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Foods Containing Cis-Fats

author image Jennie Twitchell, R.D.
A registered dietitian and all-American runner, Jennie Twitchell is an expert in nutrition and exercise. She has made several appearances on health segments for her local news station, and runs a private practice consulting athletes, mothers and those looking to lose weight. Twitchell holds Bachelor of Science degrees in dietetics and exercise science, both from Utah State University.
Foods Containing Cis-Fats
A close-up of roasted almonds. Photo Credit: HandmadePictures/iStock/Getty Images

A lot of attention has been given to trans-fats lately, which leaves many wondering about cis-fats. The terms trans and cis are opposites and describe the chemical structure of hydrogen atoms around a double bond. Most naturally occurring unsaturated fats are cis, meaning the hydrogen atoms are on the same side of the double bond. While most foods contain several different types of fat, unsaturated fats are most abundant in plant foods and vegetable oils.

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Fat Chemistry and Terminology

Fats are classified as either saturated or unsaturated. Unsaturated fats can have one double bond, called monounsaturated, or multiple double bonds, called polyunsaturated. Cis- and trans- describe whether the hydrogen atoms are on the same or opposite side of the double bond, respectively. Naturally occurring unsaturated fats are cis, except for up to 6 percent of fat from ruminant animals that is naturally trans. Saturated fats have no double bonds because the carbon atoms are saturated with hydrogen, as are fully hydrogenated oils, and are therefore neither cis nor trans. Nonhydrogenated unsaturated fats are the sole source of cis-fats in the diet.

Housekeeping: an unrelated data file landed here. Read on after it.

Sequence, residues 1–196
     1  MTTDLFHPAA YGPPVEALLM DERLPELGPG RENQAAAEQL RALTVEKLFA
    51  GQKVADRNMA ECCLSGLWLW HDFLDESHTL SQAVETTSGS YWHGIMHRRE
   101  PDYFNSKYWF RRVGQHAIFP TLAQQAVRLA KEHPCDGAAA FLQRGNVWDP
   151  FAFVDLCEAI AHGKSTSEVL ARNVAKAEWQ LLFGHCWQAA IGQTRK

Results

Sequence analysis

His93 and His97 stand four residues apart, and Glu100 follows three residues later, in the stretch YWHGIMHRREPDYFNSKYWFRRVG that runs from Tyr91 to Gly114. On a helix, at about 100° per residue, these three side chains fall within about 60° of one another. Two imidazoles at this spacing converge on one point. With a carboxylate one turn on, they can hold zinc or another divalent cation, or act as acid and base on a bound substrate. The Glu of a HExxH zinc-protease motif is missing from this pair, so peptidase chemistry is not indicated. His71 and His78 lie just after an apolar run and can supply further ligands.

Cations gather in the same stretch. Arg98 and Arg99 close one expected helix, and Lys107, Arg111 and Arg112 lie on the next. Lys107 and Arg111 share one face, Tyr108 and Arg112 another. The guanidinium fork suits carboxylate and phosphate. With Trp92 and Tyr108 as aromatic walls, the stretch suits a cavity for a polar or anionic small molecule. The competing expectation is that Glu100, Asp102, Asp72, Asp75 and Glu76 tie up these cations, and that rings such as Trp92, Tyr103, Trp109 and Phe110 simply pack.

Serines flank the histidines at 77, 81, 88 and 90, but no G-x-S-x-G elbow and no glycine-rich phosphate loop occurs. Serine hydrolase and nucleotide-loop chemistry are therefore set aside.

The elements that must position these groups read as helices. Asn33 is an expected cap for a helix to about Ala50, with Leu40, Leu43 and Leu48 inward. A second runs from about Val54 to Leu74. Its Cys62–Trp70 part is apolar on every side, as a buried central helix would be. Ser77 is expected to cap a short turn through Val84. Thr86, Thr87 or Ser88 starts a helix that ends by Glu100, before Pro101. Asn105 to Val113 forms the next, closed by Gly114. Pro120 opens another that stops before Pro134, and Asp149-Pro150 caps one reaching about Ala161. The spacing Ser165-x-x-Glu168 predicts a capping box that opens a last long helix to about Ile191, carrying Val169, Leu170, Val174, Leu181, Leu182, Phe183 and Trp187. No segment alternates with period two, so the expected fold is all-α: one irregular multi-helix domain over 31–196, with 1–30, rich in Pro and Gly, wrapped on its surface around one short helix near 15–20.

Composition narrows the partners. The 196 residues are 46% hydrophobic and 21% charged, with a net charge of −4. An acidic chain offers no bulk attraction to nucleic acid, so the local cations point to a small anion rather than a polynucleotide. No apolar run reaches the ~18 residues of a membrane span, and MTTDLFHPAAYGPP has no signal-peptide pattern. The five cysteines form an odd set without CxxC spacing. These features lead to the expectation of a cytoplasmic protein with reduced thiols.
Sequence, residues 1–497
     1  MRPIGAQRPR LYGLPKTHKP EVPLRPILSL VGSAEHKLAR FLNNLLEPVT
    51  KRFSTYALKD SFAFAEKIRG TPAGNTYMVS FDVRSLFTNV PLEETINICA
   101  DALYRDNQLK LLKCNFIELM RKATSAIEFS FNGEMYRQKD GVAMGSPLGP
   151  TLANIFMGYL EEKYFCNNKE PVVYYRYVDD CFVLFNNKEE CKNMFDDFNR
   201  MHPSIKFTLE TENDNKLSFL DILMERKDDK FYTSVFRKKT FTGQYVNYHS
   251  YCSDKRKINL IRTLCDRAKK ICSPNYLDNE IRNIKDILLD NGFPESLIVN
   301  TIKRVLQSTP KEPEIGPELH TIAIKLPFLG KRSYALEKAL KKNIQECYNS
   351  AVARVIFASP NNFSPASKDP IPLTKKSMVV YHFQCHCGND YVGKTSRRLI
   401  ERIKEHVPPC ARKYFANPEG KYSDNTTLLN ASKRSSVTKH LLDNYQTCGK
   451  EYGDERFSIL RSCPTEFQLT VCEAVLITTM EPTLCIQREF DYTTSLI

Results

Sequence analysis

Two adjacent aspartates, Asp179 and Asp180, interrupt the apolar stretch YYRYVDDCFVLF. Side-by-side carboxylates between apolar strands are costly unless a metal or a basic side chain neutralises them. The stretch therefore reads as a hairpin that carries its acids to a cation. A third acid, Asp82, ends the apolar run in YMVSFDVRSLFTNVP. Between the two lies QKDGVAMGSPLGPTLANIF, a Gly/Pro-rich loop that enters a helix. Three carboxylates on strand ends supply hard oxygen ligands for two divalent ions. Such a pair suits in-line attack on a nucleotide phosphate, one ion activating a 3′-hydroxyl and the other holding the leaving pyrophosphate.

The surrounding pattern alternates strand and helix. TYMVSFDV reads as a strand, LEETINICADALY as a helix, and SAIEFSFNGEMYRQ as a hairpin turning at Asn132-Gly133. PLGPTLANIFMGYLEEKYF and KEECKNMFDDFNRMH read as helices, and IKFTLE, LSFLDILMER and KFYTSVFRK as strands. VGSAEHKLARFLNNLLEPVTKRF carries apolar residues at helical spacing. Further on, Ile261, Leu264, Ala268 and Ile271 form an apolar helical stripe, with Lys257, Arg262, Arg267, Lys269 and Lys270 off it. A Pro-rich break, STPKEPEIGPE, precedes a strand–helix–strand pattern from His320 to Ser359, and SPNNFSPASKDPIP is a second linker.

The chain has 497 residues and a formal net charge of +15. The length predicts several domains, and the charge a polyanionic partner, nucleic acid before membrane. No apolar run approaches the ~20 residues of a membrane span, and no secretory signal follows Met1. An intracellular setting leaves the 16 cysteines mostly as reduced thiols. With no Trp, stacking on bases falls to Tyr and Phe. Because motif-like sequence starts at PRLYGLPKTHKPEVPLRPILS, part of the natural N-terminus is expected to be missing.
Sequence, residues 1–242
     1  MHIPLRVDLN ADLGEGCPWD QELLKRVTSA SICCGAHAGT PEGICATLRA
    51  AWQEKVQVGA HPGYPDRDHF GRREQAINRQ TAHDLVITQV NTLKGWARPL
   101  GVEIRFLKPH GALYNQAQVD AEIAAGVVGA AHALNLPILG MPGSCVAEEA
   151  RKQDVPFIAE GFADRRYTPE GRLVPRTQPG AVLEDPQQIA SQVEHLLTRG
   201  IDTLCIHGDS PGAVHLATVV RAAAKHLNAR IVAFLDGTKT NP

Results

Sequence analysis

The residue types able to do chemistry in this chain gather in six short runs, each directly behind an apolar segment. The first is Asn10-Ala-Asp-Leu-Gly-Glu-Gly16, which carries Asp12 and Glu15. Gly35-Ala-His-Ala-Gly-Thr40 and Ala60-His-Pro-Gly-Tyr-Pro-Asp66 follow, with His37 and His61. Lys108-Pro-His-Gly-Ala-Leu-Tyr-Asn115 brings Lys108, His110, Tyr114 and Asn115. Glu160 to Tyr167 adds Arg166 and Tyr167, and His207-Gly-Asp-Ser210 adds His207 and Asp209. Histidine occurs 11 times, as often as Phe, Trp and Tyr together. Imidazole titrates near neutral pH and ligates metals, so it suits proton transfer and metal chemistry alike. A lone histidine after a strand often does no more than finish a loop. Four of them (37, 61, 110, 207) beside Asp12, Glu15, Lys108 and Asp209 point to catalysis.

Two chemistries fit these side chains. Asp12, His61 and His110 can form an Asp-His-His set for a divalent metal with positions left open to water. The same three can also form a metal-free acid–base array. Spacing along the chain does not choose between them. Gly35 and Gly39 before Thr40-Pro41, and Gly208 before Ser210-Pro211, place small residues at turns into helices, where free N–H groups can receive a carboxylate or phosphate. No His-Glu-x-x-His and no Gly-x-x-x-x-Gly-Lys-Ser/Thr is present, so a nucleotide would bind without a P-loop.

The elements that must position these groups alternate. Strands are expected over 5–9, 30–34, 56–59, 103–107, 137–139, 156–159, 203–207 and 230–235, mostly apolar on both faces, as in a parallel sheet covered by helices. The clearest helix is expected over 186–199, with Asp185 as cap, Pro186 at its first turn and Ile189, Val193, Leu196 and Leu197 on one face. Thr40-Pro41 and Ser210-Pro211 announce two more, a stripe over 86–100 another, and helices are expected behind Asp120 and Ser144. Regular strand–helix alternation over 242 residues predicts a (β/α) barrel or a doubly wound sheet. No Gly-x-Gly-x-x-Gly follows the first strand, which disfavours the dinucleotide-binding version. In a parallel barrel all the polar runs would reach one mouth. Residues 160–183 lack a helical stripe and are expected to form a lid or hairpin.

Monounsaturated Fat Food Sources

While trans-fats are harmful to the body, foods containing cis-fats are beneficial. Monounsaturated cis-fats decrease LDL cholesterol and triglycerides, and increase HDL. Foods containing a high percentage of monounsaturated fats include almonds, avocados, bacon, canola oil, cashews, eggs, grapeseed oil, ground beef, hazelnuts, high oleic safflower oil, high oleic sunflower oil, macadamia nuts, olives, olive oil, pecans, peanuts, peanut oil, pistachios, sunflower oil and tea seed oil.

Polyunsaturated Fat Food Sources

Polyunsaturated cis-fats decrease LDL and HDL cholesterol and triglycerides. Foods with mostly polyunsaturated fats include anchovies, Brazil nuts, corn oil, cottonseed oil, flax oil, flaxseed, herring, mackerel, pine nuts, safflower oil, salmon, sardines, sesame seeds, shad, smelt, soybeans, soybean oil, sunflower seeds, trout, tuna and walnuts.

Health Benefits

Foods containing cis-fats can decrease the risk of heart disease by improving blood cholesterol levels and lowering blood pressure. They might also reduce the risk of heart attack, abnormal heart rhythms, strokes and death in people with heart disease. Monounsaturated cis-fats can benefit insulin levels and blood sugar control in type 2 diabetics. High doses of cis-fat-containing supplements, such as fish oil, can increase the risk of bleeding and should be taken under medical supervision.

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